With oil-producing nations looking to put a floor under prices, mulling perhaps the deepest output cuts this decade to prevent a glut, sources close to Saudi Arabia's Energy Minister Prince Abdulaziz bin Salman say he is primarily focused on building consensus.
"This meeting will likely showcase HRH's formidable velvet glove skills," said Helima Croft, managing director and global head of commodity strategy at RBC Capital Markets
"He is used to brokering deals behind the scenes and brings the full power of his position to bear to ensure his desired outcome … under that velvet glove lies an iron fist."
Just over three months on the job, Saudi Arabia's energy minister has already faced unprecedented challenges. The September attacks on Aramco facilities just one week after his appointment knocked half of the country's production offline, pushing the company — and the country — into overdrive, with the government pledging to restore production capacity by the end of the month and fast track the long-awaited initial public offering (IPO).
"A lot of us were skeptical that they could make good on that pledge," Croft told CNBC. "I think he gained a lot of credibility."
In the weeks leading up to OPEC's year-end meeting, oil watchers engaged in rampant speculation as to the group's next move, all against the backdrop of an uncertain global economic outlook, the pricing of Saudi Aramco's IPO and the ongoing failure of key OPEC members to comply with cuts.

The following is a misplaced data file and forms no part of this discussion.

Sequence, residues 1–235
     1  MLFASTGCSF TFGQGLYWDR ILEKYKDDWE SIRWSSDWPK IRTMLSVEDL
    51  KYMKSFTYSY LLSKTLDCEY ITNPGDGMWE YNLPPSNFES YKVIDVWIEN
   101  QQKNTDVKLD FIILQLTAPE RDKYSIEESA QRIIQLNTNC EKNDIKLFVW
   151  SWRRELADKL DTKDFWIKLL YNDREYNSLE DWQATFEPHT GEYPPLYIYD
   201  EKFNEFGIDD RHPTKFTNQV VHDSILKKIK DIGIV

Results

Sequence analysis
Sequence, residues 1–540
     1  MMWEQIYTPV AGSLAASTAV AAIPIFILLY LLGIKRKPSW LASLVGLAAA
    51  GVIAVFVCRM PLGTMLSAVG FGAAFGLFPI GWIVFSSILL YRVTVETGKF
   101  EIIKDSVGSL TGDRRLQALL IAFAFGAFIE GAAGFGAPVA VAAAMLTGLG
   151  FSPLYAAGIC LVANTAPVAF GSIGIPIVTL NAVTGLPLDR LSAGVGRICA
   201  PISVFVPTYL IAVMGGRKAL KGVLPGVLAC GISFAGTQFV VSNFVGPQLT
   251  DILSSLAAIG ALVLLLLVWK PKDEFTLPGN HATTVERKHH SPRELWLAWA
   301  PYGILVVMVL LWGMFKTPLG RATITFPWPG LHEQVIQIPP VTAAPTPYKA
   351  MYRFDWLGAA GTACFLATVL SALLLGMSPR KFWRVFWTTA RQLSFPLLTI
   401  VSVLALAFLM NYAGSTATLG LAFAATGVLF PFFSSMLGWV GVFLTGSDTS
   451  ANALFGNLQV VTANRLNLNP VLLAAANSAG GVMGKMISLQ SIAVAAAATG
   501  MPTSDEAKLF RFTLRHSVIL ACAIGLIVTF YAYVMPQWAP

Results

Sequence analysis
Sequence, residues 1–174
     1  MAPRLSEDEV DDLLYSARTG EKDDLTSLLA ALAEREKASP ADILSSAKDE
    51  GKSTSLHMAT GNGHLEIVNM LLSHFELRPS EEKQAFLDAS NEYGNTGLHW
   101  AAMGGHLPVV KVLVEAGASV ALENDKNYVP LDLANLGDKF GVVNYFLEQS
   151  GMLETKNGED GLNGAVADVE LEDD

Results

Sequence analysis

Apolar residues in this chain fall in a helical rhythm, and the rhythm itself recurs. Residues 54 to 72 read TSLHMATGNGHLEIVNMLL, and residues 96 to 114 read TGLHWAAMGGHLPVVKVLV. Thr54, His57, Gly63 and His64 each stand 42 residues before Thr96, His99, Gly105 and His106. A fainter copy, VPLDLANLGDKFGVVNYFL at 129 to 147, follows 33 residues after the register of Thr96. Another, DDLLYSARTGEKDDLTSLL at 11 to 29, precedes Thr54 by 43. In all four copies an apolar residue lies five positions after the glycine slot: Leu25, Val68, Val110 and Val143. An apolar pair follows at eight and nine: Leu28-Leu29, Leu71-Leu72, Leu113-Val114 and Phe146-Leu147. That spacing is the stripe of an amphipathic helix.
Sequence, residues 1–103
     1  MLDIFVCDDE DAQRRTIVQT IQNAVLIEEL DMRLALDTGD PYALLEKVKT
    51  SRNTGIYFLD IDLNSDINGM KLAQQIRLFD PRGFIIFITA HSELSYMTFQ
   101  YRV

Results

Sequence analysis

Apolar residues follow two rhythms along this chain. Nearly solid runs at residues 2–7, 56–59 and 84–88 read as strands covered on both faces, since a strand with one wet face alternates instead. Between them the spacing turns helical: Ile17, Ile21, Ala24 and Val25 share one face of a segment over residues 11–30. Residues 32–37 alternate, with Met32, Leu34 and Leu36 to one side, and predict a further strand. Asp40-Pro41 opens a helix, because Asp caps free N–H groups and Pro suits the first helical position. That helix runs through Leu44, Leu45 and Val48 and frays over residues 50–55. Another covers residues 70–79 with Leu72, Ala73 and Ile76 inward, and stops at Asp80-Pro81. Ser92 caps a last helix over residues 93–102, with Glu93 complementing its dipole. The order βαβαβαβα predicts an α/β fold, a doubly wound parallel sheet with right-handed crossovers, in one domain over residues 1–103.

Sources close to Prince Abdulaziz have told CNBC that this is the moment where 30 years of experience in the energy sector will bear fruit.
"He has a quiet authority," a senior aide to the prince said. "He's not easily intimidated by media hype and policy reports. He's very focused on his objective."
Earlier this week, Iraq's energy minister told CNBC's Dan Murphy that as much as 400,000 barrels per day (bpd) or more could be on the chopping block, acknowledging that 1.2 million bpd had not been as effective as OPEC members had hoped.
"1.6 million bpd … I think it would be more effective, no doubt about that," Thamer Ghadhban said. Iraq is one of OPEC's biggest offenders when it comes to compliance, consistently violating output cut agreements.
With current cuts set to expire in March, sources told Reuters that a new deal could be extended to June or until the end of 2020. Key to any deal will be the ability to get all members on side, including Russia.
"Prince Abdulaziz is bold, he wants to push his agenda," Johannes Benigni, chairman of JBC Energy Group, told CNBC in Vienna. "(But) he may not win hearts, at least not all of them."
—CNBC's Emma Graham and Dan Murphy contributed to this report.